2014 Apparel and Footwear M&A Outlook

2013 was a crazy year for mergers and acquisitions (M&A) in the apparel, accessories and footwear sector.  Despite record stock prices and huge piles of cash, large apparel and footwear companies reined in their acquisition activity dramatically, mostly due to concern over the uncertain economic outlook. 

Deals announced by strategic buyers fell 34 percent to their lowest point in at least nine years.  Strategic buyers made only 93 acquisitions globally* in 2013, compared to 140 deals in 2011 and 151 in 2012.  There also was a dearth of deals in 2013 by historically acquisitive companies such as VF Corporation, PVH, Perry Ellis, Deckers Outdoor, Wolverine World Wide and Steve Madden. 

In stark contrast, acquisition and investment activity by private equity groups and other financial sponsors increased 50 percent to their highest point since 2008, driven by large amounts of unspent and expiring capital.  Financial buyers announced 51 acquisitions globally in 2013*, up from 34 in 2012.  Prominent deals include the announced acquisition of the Jones Group by Sycamore Partners, TowerBrook Capital's agreement to purchase True Religion and the acquisition of Allen Edmonds by Brentwood Associates.

Last year marked the first time in at least nine years that financial sponsor M&A activity has diverged from strategic buyer activity (i.e. sponsor activity grew while strategic activity decreased).  Not only did activity diverge, it did so dramatically, with financial sponsors representing 35 percent of announced M&A deals in 2013, compared to 20-25 percent in the prior four years.

Another interesting shift in 2013 was in strategic buyers' rationale for acquisitions.  Whereas in 2012, acquisitions of U.S. apparel and footwear companies by strategic buyers were often characterized by the desire to gain market share in an existing market, acquisitions in 2013 were more often for the purpose of adding a growth vehicle to the buyer's portfolio.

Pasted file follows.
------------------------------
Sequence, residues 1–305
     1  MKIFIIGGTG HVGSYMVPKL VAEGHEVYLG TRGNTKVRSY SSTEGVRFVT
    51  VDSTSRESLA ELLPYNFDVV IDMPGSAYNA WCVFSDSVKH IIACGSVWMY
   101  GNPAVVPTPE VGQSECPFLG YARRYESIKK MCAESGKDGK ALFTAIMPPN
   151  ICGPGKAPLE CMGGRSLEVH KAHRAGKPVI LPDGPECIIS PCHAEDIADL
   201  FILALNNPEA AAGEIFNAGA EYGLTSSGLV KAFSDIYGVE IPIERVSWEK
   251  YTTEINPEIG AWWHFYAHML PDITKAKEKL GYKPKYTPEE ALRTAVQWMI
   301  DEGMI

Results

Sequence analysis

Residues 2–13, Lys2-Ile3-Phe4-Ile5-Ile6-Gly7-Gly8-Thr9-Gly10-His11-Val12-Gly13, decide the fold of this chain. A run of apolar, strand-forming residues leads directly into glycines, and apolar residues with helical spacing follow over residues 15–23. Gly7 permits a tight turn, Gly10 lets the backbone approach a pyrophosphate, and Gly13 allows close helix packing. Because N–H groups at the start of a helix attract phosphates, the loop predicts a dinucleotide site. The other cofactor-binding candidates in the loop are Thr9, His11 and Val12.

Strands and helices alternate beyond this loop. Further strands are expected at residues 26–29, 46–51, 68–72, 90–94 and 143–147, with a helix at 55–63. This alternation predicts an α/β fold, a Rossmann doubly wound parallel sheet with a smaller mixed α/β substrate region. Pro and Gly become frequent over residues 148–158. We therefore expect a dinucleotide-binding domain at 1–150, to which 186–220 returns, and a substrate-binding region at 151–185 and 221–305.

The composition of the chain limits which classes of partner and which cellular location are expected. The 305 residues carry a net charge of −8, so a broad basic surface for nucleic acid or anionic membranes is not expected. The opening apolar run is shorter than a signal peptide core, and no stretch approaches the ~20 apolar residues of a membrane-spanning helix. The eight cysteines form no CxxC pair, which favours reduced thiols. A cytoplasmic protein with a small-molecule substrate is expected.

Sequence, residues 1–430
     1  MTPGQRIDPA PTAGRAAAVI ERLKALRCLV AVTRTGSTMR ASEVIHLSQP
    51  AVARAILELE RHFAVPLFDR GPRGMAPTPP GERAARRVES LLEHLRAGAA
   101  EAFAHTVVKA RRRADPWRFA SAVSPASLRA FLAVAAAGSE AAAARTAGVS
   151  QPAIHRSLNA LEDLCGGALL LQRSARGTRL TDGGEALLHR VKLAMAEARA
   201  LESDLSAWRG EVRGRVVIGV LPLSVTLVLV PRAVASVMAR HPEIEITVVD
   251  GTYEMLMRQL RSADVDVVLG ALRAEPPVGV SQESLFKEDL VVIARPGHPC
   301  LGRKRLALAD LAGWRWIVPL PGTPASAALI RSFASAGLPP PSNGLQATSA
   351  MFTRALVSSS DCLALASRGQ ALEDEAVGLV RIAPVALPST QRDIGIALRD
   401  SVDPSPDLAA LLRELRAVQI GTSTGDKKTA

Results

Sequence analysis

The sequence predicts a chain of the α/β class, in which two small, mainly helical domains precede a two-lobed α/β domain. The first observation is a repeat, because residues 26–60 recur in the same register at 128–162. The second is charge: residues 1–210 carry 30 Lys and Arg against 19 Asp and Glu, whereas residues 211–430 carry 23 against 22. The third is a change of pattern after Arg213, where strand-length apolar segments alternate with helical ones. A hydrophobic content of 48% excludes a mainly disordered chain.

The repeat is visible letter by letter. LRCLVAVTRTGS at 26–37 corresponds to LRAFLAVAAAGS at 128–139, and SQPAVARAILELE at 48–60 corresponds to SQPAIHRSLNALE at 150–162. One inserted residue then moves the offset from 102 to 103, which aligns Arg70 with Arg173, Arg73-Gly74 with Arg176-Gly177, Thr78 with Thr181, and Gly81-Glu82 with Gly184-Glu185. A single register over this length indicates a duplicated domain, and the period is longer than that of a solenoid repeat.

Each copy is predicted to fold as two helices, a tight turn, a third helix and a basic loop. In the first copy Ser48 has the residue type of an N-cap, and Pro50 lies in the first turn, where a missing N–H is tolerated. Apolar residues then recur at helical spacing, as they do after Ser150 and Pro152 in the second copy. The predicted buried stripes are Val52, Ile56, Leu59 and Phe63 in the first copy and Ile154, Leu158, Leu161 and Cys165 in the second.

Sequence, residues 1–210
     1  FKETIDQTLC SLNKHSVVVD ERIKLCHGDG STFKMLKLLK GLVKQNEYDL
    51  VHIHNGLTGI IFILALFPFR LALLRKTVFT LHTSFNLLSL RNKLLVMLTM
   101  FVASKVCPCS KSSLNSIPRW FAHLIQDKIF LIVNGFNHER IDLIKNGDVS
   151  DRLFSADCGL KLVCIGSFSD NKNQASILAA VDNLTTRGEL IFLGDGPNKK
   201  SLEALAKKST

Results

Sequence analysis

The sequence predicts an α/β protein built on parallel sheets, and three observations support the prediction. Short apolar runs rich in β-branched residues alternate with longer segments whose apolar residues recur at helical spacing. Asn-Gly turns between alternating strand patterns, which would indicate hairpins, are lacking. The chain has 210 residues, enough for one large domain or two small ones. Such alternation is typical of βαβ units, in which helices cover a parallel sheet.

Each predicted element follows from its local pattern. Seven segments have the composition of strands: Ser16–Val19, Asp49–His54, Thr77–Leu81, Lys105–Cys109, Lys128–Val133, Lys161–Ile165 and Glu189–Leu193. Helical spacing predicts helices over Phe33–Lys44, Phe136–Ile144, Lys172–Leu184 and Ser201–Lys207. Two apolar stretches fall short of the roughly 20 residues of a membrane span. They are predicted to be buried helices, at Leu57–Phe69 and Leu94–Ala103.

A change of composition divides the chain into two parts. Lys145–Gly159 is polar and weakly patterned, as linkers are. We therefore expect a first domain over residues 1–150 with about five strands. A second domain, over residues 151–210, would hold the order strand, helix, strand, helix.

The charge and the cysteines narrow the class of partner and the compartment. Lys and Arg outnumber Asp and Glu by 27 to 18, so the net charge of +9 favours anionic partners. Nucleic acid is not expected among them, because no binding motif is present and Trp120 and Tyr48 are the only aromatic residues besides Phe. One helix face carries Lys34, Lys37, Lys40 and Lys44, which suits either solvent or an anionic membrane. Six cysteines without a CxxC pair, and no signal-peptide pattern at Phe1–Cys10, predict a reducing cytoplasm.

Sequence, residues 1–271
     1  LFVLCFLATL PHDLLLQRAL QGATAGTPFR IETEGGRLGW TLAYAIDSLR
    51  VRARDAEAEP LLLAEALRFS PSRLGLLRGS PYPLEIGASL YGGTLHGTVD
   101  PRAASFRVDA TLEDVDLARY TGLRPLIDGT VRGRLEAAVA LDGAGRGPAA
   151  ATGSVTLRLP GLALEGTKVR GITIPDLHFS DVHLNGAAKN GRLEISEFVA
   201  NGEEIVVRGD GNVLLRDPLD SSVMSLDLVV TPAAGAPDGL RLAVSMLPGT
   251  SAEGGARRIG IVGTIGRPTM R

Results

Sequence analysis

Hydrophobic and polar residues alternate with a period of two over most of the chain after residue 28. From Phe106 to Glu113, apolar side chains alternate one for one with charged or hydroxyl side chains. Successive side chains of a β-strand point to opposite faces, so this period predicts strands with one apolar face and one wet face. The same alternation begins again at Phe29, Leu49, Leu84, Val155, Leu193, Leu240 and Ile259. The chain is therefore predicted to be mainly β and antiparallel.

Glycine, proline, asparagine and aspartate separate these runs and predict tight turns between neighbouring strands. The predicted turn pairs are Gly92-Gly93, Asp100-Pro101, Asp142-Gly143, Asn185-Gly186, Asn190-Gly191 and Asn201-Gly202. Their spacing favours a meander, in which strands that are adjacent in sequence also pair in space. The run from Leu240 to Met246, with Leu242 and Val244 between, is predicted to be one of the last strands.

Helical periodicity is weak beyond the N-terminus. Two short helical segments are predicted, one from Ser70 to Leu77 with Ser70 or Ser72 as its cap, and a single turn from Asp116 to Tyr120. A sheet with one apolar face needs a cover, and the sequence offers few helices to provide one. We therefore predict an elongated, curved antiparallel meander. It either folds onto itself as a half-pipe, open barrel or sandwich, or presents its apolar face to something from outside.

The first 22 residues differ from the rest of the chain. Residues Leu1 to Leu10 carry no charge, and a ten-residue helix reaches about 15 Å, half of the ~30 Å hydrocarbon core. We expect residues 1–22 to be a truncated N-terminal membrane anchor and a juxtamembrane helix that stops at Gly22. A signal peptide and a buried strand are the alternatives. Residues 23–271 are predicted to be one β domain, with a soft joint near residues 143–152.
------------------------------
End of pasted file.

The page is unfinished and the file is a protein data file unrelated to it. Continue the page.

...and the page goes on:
A good example of the market share consolidation trend in 2012 was the acquisition of Hartmann by Samsonite, two mature players in the luggage category.  Conversely, the acquisition of the Salt Life brand in 2013 by Delta Apparel is a good example of a buyer looking to add a rapidly growing brand to its platform.  Salt Life is a lifestyle sportswear brand catering to watermen and ocean enthusiasts, based in Florida.

The trend towards acquiring for growth reflects the fact that many public companies now need growth to increase stock valuations.  In prior years, these companies were able to increase shareholder value by hunkering down and cutting expenses, driving increasing profits as revenue bounced back from the depths of the recession.  Now that the economy appears to be in a relatively stable, slow growth mode, companies are seeking ways to grow beyond what can be achieved organically.  The answer is going to be acquisitions.

One constant, however, has been the leading rationale for strategic buyer acquisitions: the desire to add a product to the acquirer's portfolio that does not cannibalize existing products, and can be sold in existing or new channels of distribution.  This rationale was stated as a key motivating factor in 52 percent of announced acquisitions of U.S. companies in 2013, up from 40 percent in 2012.  Kering's investment in women's fashion brand Altuzarra is a good example.  Kering has a portfolio of fashion apparel brands, including Saint Laurent, Alexander McQueen, Brioni, Stella McCartney and many others.  Altuzarra adds another brand to the company's portfolio, and allows Kering to leverage its existing relationships in the fashion boutique and department store channels.

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